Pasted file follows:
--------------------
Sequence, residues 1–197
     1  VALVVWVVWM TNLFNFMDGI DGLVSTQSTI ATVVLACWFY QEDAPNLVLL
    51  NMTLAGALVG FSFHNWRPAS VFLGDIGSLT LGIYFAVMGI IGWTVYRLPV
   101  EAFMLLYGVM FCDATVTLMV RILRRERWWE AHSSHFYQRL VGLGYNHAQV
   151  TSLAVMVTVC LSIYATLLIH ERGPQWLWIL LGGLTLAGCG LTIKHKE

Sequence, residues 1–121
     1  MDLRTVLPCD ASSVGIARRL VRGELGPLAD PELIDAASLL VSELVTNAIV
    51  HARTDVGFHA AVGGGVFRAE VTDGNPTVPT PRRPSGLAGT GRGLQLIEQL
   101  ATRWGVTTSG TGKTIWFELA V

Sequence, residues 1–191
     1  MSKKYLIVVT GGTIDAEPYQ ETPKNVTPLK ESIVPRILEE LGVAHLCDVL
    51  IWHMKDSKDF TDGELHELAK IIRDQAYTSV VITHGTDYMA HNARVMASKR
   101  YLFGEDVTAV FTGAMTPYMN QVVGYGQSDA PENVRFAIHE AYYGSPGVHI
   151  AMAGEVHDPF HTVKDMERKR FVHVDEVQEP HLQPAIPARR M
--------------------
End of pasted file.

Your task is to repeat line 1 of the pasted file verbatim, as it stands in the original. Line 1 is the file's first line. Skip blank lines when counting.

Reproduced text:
Sequence, residues 1–197